I just finished reading Annie F. Downs’ book Let’s All Be Brave, and I’ve watched the Bloom Book Club videos about it. I’ve been thinking: what does brave look like for me?
Starting this blog was brave. I am not a person who usually speaks up; few people except my husband and a few close friends know what I’m really thinking because I don’t say it aloud. I tend to keep my thoughts and opinions to myself because I’ve found that speaking up tends to make life more complicated. The truth is, it is fear that keeps me from joining the conversation and standing by my views. I’m afraid of being judged, disliked, or written off by others — but I write myself off by not speaking up sometimes.
My first career was in journalism, and in that field, being unbiased is valued. Of course, it was impossible not to form personal opinions, but it was my job to represent both sides equally so that the reader could form an opinion independently. It was my job to be fair, and that was a professional priority for me. I got used to telling other people’s stories and voicing other people’s opinions eloquently.
Yet, saying what I’m actually thinking in a blog format — that takes so much more courage than the journalism writing that I did before. As a reporter, I was sent out to do interviews in a tornado one time, so journalism took plenty of courage as well. That type of writing never left me personally vulnerable though.
Even if people didn’t like what I wrote as a journalist, I knew it wasn’t actually me that was bothering them. That helped me develop a thick skin for criticism, but I have begun to break down some of those defenses — especially now that I am a wife and a mother. My heart has softened. I realize that I do care what others think, but it does leave me much more open to being hurt.
Even now, I don’t want to be vulnerable. I felt led to start this blog earlier this year, and even though it is small, it takes bravery every time that I write. What I write isn’t very controversial for other Christians, but for people who are not believers, what I’m writing is bold territory. To stand up and say that I believe in Christ takes courage, but I am glad to say it.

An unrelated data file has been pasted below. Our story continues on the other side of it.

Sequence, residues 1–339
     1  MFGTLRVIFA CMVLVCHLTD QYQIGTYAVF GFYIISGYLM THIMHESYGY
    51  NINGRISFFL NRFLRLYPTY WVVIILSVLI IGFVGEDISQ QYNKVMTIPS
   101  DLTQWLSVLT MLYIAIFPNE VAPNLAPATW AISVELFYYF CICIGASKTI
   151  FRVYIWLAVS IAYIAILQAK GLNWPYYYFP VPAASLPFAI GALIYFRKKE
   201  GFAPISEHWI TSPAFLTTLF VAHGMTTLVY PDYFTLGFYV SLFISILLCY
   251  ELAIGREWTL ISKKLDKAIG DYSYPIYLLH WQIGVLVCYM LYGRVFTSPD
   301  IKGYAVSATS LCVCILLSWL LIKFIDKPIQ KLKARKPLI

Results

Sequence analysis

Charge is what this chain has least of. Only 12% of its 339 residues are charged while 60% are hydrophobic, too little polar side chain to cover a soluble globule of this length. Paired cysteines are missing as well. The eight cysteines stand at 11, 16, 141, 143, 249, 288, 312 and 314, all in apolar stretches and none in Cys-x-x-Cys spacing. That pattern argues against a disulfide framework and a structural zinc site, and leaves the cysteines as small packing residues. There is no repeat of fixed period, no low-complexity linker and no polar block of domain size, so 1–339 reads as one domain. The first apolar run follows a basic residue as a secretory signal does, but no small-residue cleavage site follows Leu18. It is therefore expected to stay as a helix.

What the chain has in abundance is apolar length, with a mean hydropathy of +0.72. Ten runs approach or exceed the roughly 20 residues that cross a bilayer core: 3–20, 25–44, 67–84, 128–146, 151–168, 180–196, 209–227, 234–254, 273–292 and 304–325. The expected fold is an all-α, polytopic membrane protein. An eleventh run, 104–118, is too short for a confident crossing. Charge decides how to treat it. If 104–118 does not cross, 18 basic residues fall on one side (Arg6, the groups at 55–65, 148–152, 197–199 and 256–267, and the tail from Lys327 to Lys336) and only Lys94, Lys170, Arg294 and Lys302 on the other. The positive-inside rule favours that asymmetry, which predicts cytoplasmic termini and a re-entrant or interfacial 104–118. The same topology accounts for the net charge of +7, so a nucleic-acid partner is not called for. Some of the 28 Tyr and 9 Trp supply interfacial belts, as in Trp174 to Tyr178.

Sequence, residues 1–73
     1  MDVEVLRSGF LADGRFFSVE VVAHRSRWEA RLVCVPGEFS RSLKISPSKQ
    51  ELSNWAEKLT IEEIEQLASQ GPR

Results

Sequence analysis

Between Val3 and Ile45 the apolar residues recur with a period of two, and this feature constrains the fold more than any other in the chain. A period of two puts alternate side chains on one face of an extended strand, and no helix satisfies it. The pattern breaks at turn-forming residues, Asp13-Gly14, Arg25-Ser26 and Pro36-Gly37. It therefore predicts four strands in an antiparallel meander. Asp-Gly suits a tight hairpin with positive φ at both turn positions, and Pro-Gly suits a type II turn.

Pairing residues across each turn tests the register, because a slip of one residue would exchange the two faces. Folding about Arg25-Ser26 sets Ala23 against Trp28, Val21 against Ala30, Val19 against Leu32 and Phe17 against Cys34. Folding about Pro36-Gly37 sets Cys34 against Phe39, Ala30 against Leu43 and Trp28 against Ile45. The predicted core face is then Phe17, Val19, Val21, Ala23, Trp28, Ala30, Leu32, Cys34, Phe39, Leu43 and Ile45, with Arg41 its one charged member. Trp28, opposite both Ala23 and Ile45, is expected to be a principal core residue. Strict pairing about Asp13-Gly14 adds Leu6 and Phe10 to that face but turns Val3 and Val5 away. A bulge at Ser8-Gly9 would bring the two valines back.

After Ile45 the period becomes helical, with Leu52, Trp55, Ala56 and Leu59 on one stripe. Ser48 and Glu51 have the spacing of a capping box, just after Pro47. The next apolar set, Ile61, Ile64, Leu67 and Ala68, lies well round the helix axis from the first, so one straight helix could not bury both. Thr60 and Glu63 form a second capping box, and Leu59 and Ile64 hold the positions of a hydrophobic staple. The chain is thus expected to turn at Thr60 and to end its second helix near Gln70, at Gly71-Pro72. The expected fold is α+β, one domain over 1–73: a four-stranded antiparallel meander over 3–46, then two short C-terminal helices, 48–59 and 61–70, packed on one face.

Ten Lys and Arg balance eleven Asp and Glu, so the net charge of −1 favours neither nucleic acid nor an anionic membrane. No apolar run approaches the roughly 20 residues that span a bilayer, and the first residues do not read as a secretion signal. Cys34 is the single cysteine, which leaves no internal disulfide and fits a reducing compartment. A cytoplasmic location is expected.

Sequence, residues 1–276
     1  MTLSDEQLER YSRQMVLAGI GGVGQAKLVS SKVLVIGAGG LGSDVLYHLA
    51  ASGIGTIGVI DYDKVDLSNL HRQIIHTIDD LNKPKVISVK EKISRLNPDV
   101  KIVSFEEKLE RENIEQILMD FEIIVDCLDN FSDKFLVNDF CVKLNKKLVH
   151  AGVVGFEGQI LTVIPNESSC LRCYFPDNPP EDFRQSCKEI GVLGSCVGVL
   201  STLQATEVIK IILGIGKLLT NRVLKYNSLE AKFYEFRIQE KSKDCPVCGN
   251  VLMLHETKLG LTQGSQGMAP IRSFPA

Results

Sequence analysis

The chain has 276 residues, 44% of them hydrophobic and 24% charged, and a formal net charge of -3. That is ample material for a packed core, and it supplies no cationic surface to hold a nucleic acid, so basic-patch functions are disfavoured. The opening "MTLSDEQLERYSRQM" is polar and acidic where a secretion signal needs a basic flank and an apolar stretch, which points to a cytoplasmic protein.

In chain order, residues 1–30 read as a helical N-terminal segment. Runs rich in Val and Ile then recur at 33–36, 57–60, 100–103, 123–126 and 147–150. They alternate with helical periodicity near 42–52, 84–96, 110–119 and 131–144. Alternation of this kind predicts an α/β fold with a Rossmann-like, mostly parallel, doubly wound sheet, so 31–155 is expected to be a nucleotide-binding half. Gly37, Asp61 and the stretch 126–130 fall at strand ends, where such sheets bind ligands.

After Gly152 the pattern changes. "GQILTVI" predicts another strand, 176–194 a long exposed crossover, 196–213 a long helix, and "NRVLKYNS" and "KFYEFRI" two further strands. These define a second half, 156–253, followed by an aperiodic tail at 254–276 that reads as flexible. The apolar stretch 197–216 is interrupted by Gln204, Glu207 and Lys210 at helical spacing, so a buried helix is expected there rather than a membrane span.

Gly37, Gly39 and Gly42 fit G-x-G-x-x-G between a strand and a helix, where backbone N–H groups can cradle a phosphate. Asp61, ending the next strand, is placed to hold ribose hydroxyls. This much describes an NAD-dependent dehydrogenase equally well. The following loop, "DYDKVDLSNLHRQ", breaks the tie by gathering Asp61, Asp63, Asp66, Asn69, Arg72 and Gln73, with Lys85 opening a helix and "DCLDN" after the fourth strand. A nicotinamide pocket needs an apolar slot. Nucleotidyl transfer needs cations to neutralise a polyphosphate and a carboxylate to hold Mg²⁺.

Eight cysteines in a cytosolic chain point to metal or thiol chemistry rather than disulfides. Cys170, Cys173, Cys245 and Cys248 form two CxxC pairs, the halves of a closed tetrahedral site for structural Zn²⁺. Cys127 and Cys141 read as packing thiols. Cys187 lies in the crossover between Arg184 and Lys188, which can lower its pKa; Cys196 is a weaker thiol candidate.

If you are like me — a person who is shy about speaking up, even if what you have to say is encouraging and edifying — I understand how brave it is to write a blog post or leave a genuine comment on someone else’s blog. For more extroverted types, this probably doesn’t look brave at all. One of the points that Annie makes in the book club videos is that my brave will look different from your brave. What looks easy for one person will take bravery for another, but God sees and knows your heart. He knows how much bravery He’s asking of you.
For some people, it takes bravery to believe that Christ really forgives. It takes bravery to share your spiritual gifts instead of hiding them. It takes bravery to open up to others if you have been hurt in the past. It takes bravery to stop repeating past mistakes. It takes bravery to pray and let Christ show you an area of weakness in your life that He wants to address.
In this blog, I have shared two very personal things about myself: the scar that I have, and my experience with preeclampsia. I have also shared so much of my joy about being a mother and about God’s grace. I will probably never know the full impact of this blog on the lives of others, but I do know that God is teaching me about myself as I write.
So, this blog is my BIG brave. Also, keeping a positive attitude despite struggles and relying on God to keep his promises in my daily life is another BIG brave.
One of my smaller areas of bravery lately was committing to sewing some dresses for Sewing 4 Souls even though I do not sew well. I also think it took some bravery to go to adult guitar lessons at a local church this fall; it is something completely new for me, but I am enjoying it. What would be really brave would be to play the guitar in front of others, and that day may come.
To give you something to think about, I want to leave you with a quote from Annie’s book.
I never tied discipline to courage. I never saw the correlation. I guess I should have, since I lack in both. But in all matters — physical, mental, and spiritual — I believe that to live a disciplined life leads to a brave life. We long to be brave in the big moments, in the clutch times, in the times when our backs are up against a wall. But to get there? It’s the everyday. It’s the practice. It’s the steps. It’s the discipline.
What areas of practice (honing your talents) or spiritual discipline (prayer, etc.) might help you be more brave when times get tough?
I hope you are having a wonderful week. If you read along with the Bloom Book Club, I hope you were challenged by this book.